No, I hear nothing odd when I change the volume within either the desktop version or android application. I don’t have any of the DSP or volume limiter settings turned on. So if you do, maybe that’s where the noise is coming from?


No DSP. It wasn’t happening initially. It got where if I swiped back and forth it would click a bunch then choke Roon. Rebooting Roon seems to have fixed it.

Thanks for all the tips - I’m familiar with all of that, I just don’t keep up on all the changes/features in Roon, so was unaware of the volume control.


Re. Windows on Mac, there are several solutions:

For a brief and highly unusual use such as downgrading the Bridge firmware, plainly anyone can find a way run Windows on a Mac. Or borrow a Windows machine.

One could also simply choose not to have a stroke about the current bugs, and live with them until a solution is available - either way, it’s a trivial burden.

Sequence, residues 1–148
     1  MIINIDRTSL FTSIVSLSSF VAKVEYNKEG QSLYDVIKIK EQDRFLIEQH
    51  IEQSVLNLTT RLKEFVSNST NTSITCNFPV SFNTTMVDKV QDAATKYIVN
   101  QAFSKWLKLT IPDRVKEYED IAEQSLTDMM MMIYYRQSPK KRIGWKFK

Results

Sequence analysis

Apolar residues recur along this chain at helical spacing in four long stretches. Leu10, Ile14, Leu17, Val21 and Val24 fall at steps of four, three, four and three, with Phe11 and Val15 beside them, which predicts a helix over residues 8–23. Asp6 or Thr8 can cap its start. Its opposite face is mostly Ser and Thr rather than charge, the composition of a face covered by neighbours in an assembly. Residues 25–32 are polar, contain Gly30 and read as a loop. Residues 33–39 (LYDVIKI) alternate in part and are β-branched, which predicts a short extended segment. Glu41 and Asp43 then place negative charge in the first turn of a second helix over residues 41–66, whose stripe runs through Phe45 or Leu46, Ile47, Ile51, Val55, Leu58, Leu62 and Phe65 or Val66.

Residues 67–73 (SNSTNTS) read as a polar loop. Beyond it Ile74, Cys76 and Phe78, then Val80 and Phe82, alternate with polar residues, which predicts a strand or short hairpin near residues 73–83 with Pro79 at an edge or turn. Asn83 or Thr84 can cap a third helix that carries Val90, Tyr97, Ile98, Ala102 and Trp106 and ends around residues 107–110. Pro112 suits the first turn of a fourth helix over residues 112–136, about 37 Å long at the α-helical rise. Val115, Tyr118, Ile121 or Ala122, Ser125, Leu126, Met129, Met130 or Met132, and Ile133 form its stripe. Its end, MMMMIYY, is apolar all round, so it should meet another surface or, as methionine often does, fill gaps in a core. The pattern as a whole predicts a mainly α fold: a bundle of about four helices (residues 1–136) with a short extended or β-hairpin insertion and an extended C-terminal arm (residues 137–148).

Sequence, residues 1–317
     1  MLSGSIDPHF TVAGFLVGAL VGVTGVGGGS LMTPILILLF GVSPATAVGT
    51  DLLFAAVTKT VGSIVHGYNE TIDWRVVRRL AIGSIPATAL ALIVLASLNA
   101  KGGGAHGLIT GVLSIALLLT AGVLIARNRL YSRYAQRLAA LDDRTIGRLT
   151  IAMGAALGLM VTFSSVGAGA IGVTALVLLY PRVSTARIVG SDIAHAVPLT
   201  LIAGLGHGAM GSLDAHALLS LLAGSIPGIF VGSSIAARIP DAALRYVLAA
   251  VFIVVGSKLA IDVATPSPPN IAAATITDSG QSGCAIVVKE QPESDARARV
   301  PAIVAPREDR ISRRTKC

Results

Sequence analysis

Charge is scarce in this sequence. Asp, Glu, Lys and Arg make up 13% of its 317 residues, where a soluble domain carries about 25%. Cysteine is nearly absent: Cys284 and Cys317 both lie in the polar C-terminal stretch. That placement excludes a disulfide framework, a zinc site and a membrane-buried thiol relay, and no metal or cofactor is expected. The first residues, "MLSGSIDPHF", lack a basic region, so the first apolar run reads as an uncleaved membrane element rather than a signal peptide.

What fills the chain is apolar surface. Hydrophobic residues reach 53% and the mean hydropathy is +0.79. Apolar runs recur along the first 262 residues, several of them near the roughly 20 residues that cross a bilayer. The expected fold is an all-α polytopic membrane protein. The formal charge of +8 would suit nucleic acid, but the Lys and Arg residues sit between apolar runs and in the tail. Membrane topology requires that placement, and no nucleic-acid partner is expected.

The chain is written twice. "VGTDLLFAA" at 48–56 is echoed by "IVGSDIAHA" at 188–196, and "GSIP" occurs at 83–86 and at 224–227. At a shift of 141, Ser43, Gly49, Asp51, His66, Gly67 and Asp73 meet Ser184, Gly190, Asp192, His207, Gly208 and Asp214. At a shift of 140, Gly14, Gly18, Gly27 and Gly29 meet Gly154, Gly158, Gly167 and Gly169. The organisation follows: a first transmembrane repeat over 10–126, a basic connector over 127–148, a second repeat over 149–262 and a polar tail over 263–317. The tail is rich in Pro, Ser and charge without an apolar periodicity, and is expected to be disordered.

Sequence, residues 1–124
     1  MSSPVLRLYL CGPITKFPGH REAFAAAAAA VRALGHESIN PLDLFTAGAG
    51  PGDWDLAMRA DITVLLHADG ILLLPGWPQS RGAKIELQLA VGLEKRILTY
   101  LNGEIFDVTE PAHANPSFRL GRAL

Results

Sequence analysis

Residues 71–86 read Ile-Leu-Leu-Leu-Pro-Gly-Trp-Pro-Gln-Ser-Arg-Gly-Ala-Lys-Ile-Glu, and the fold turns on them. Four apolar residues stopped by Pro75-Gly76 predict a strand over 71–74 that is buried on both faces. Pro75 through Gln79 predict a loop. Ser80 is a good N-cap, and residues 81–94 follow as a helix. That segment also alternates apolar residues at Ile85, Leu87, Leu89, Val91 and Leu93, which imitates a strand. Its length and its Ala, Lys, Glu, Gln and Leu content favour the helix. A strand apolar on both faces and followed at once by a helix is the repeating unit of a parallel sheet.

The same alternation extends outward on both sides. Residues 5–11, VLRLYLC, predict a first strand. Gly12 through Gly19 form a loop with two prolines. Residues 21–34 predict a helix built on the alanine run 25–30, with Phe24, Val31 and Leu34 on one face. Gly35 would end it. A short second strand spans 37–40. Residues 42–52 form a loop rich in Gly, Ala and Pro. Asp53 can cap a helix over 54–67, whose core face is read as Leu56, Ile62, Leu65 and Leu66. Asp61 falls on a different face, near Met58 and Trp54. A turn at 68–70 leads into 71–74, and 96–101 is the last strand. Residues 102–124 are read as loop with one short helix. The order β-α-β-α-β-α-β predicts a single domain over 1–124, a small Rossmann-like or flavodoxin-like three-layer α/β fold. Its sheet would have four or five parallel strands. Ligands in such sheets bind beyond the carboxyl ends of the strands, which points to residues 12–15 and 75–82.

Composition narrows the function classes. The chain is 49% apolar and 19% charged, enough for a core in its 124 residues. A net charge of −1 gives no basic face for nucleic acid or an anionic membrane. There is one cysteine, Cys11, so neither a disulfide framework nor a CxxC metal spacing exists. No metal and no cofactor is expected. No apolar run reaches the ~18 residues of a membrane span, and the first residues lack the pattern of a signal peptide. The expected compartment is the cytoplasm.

Trivial indeed.

I am continually amazed at how much emotion is invested by some in something as insignificant as an operating system choice.

My chosen monstrously successful technology company can beat your preferred monstrously successful technology company. So there. :slight_smile:


I guess it’s as trivial a choice as choosing one digital to analog converter over another. DS DAC? just as good as the other guy, right? After all, it’s just software and electronics…


I won’t. I do. And it’s not.


Exactly; it is simply a preference.


For me, it’s a functional thing. I simply cannot use macOS because there are so many applications and functions that I use in Windows to which there is no macOS equivalent.


Yes. For me, it would be akin to buying a car which I could operate only on 10% of roads.

But Macs meet others’ needs. I also know a couple of people who are happy to pay the price premium in exchange for Apple’s walled garden and brick and mortar service locations.

It is good to have options.


That is so 1990’s thinking.